Parents aren't defenseless against abusers who target children, of course, and as with any other part of parenting early prevention and education, on behalf of the parent and the child, is key.
"It’s really incumbent upon parents to educate themselves to get over their own issues addressing [sexual abuse]," Pumo says. "I think we also have to pair it with conversations about healthy sex and that sex is not the same as sexual abuse; that consensual sex is fun and pleasurable for adults and something to look forward to. We just have to have those conversations in our homes so it’s not a taboo subject and children understand the differences and also feel like they have the language to talk about whatever they feel confused by."
Every school now has lock down procedures and sheltering procedures: how many schools have sexual-abuse prevention?
Pumo says these conversations can begin as early as infancy, and by doing something as simple as teaching your child the correct anatomical names for their body parts and discussing consent at an early age.
Pumo also says parents must feel comfortable demanding more from the institutions their children interact with, whether it be schools, after-school programs, sporting programs, or places of worship. "Every school now has lock down procedures and sheltering procedures: how many schools have sexual-abuse prevention? And what’s a greater risk to our children?" she asks. "So we have to demand more of the institutions our children are interacting with."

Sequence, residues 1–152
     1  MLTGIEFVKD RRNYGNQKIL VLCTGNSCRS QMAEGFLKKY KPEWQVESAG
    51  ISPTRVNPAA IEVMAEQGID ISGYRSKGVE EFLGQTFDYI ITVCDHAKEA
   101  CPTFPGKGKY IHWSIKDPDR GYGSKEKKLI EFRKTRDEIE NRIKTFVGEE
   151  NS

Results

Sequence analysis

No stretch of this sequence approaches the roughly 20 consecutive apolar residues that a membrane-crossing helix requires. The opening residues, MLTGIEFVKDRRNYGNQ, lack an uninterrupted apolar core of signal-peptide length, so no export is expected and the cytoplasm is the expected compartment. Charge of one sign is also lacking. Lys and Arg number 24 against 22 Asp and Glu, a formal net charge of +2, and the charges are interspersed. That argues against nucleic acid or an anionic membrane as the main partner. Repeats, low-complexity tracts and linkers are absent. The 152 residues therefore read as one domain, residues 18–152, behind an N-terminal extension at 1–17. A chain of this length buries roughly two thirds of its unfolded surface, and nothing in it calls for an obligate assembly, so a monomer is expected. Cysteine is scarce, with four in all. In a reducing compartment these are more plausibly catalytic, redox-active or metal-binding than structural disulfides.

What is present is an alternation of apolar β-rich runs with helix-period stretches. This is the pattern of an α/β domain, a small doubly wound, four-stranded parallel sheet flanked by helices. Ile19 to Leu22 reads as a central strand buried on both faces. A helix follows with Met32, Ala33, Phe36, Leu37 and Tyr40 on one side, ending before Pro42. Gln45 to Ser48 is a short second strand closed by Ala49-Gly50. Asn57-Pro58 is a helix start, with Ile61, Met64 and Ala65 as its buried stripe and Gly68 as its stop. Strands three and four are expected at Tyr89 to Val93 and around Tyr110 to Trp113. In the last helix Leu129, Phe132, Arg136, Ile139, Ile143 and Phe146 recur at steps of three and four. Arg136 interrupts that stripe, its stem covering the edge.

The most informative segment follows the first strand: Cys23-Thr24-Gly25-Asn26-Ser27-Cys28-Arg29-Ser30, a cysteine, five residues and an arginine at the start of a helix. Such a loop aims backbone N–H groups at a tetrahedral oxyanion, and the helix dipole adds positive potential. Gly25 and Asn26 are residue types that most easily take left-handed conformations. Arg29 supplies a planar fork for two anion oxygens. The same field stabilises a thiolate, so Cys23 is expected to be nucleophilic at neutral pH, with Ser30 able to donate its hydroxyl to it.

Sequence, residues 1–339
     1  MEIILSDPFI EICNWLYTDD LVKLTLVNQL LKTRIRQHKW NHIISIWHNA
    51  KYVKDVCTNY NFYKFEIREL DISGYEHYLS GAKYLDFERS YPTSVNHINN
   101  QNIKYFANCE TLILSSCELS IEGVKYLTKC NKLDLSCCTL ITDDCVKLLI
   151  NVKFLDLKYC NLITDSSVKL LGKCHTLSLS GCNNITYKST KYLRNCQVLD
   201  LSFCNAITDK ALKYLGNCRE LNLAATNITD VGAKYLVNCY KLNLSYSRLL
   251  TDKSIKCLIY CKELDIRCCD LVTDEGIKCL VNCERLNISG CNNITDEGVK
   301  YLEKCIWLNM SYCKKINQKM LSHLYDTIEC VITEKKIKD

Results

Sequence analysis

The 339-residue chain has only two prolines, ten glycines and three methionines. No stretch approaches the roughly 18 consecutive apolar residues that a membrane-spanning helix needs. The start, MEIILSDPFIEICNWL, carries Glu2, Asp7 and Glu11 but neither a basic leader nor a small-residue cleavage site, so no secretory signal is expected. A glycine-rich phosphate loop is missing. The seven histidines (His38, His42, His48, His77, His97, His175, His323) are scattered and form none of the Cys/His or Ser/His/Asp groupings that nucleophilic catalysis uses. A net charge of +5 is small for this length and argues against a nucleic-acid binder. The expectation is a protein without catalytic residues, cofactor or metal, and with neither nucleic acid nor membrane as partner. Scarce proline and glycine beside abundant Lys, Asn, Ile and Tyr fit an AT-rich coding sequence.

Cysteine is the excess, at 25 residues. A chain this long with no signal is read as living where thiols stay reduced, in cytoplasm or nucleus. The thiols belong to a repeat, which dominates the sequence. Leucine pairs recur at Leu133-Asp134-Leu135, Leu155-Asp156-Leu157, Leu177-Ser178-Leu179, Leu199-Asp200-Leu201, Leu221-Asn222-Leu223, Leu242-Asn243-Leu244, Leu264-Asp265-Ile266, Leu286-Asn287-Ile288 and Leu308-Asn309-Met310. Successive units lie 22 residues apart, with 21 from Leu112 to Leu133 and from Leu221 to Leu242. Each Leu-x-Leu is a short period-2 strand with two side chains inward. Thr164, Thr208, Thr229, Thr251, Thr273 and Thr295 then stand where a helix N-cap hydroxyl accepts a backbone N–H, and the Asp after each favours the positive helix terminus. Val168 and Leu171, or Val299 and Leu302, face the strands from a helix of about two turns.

Most importantly, as parents we must put down our proverbial pitchforks and admit that we are not immune to the egregious lack of oversight that now, looking back, seems so apparent in Leaving Neverland. Because like us, the parents in this profound documentary love their children.
"I was so fortunate to have a baby," Stephanie Safechuck says at the beginning of the film. "I remember just having him and being overwhelmed, just crying over his crib. That he’d always be alright. He’s my love.”
Knowing what we know now, that statement breaks your heart. Because it’s not that the parents didn’t love their children, but that they bought into the fantasy of Neverland itself. Not the fame. Not the mansion. Not the money or the theme park or the celebrity. The fantasy was always the idea that this cannot, will not, happen to you.
If you or someone you know has been sexually assaulted, call the National Sexual Assault Telephone Hotline at 800-656-HOPE (4673) or visit online.rainn.org.